In the past one year, several BESS projects have been commissioned and announced. During 2018, the 10 MW, 42 MWh lithium-ion storage system co-located with Luminant’s 180 MW Upton 2 Solar power plant was commissioned, making it the largest energy storage site in Texas. The storage system can make use of both solar power as well as low-priced grid-connected power (particularly wind energy). In Texas, Duke Energy’s 153 MW Notrees wind farm with battery storage (constructed in 2012 with battery upgrade in 2016) remains the country’s largest wind-integrated battery storage.  Duke Energy is setting up two projects worth USD30 million to be operational in North Carolina by 2020. The first is a solar and battery-powered micro grid project comprising a 2 MW solar plant and 4 MW lithium-based battery storage facility in Hot Springs. The second is a 9 MW lithium-ion battery system at a Duke Energy substation in Asheville.


Portland General Electric and NextEra Energy’s partnership has proposed the 1,000 plus MW Wheatridge Renewable Energy Facility in Oregon, to be built in 2020. The facility will comprise a 300 MW wind farm, 50 MW solar farm and 30 MW battery storage system.


In recent times, utilities are proposing large grid-scale projects. A significant project is Xcel Energy’s USD2.5 billion 1,838 MW renewable (1,131 MW wind and 707 MW solar PV) and 275 MW battery storage project in Colorado. It will be built to replace its coal-based Comanche station’s units 1 and 2 that will be shut down 10 years ahead of schedule, a plan approved by the Colorado Public Utilities Commission in 2018.


In California, SCE is investing in large-scale and distributed energy storage projects to meet demand in its Moorpark subarea, northwest of Los Angeles, arising from the retirement of several natural gas-based generators. Through two separate requests for proposals, the company signed a 20-year resource adequacy contract with an affiliate of Strata Solar LLC for its 100 MW/400 MWh Satacoy battery storage project in Oxnard, California in April 2019. Besides, there are six other contracts for another 95 MW. The projects have commercial start dates beginning from December 2020 to March 2021.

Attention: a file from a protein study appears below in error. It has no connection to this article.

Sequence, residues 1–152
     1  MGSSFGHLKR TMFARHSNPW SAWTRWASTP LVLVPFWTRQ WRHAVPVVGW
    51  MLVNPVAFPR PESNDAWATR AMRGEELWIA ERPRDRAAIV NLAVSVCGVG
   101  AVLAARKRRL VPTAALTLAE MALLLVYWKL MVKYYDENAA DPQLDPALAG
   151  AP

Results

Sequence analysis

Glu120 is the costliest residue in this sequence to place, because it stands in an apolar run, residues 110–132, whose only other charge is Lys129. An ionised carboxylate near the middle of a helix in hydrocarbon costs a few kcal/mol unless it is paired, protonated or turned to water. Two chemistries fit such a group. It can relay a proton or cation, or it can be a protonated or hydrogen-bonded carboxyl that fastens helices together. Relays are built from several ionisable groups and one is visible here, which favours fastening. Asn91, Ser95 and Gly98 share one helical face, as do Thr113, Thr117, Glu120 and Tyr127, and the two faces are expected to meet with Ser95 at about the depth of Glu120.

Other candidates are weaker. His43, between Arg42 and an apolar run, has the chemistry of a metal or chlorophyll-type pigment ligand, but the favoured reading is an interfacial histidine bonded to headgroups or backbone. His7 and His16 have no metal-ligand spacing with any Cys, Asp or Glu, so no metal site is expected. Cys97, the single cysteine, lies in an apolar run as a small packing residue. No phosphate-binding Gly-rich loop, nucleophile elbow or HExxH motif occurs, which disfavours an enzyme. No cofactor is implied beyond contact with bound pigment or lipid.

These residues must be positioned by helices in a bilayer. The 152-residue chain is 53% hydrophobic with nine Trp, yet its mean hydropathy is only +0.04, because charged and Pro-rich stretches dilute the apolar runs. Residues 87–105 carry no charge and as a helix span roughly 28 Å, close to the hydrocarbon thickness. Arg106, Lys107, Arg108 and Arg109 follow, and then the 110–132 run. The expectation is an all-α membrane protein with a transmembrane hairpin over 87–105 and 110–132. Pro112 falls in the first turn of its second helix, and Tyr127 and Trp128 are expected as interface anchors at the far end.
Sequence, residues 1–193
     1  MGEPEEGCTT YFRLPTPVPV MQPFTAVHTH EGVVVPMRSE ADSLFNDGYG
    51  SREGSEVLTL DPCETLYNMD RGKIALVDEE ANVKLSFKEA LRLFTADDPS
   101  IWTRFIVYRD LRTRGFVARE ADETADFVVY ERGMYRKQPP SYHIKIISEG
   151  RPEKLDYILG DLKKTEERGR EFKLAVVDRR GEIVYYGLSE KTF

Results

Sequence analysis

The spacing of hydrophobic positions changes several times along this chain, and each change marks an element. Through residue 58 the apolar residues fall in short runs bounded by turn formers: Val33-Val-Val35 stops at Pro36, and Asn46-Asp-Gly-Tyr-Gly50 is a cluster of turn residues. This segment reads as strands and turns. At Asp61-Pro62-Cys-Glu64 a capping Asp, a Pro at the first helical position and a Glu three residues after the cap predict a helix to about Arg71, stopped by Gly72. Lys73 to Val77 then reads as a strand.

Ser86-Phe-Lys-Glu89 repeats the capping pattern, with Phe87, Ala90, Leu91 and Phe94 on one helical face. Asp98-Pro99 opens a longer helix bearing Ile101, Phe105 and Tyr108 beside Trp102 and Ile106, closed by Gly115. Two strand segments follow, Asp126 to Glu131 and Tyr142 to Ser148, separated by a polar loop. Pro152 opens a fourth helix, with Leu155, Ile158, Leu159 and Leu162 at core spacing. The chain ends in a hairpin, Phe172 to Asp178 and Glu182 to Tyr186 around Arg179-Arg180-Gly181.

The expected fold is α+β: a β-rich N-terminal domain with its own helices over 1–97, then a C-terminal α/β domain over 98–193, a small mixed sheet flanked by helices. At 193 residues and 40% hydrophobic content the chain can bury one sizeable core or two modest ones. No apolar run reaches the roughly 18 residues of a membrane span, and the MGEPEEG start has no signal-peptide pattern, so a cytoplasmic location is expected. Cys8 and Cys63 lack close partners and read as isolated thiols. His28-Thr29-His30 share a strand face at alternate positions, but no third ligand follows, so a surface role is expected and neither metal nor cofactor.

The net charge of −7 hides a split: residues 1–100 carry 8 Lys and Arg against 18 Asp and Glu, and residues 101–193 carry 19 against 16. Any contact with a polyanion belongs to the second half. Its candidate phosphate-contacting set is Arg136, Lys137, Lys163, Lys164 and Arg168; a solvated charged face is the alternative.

In a significant move, in November 2018, CPUC approved PG&E’s proposal to build two large battery systems that once built, will be the largest in the world. This includes the 300 MW/1,200 MWh system and 183MW/730 MWh system in Moss Landing area south of the San Francisco Bay. These projects will replace the grid reliability services provided by the aging Calpine gas plants. The experience at Moss Landing will be important to gauge how the gas to storage transition works in practice.


In January 2019, Hawaiian Electric Company submitted seven new solar-plus-storage contracts aggregating 262 MW (1,048 MWh) to the state regulator for approval. AES, Innergex, Clearway and 174 Power Global are developing the projects. Significantly, six of these come at a record-low price of 10 cents per kWh or below. In comparison, past prices of such projects in Hawaii have ranged between 11 cents and 14 cents per kWh. Another unique feature relates to the power purchase agreement (PPA) structures. For instance, AES’s 25-year, 30 MW solar and 120 MWh storage PPA uses a monthly lump sum payment to the developer based on net energy potential and facility availability rather than energy delivered.


In February 2019, Puerto Rico Electric Power Authority filed the final draft of its 2019-38 integrated resource plan (IRP) that calls for huge deployment of solar and storage systems as well as eight distributed mini grids to support the island during disasters. Prepared by Siemens, the IRP calls for building 720-1,200 MW of solar and 440-900 MW of energy storage during the first four years of the plan.


Efforts to improve technology in the battery storage space are ongoing. For instance, the Consortium for Battery Innovation, which includes over 90 member companies globally supporting research into lead battery technology, is working on preparing a new technical roadmap designed to extend the performance and lifetime of the core battery. The consortium recently unveiled an interactive digital map detailing over 120 lead-battery based storage projects worldwide.


The way forward


This recent growth in the US ESS market has been supported by policy and regulatory initiatives both at the federal and state levels over the last four to five years. The sector is in a nascent stage of development but recent developments are expected to result in a rapid expansion of the US energy storage market over the coming years. However, it faces the challenges of safety and lack of international standards. In this context, Stanford University is working with the DoE’s SLAC National Accelerator Laboratory to make batteries safer by studying hotspots in lithium batteries that could lead to short-circuits or fires.


Importantly, it is increasingly being recognised at the policy and regulatory level that it is vital to acknowledge that storage systems are capable of providing multiple services, which need to be appropriately monetised through value stacking or revenue stacking. Monetisation will help boost the market for storage systems.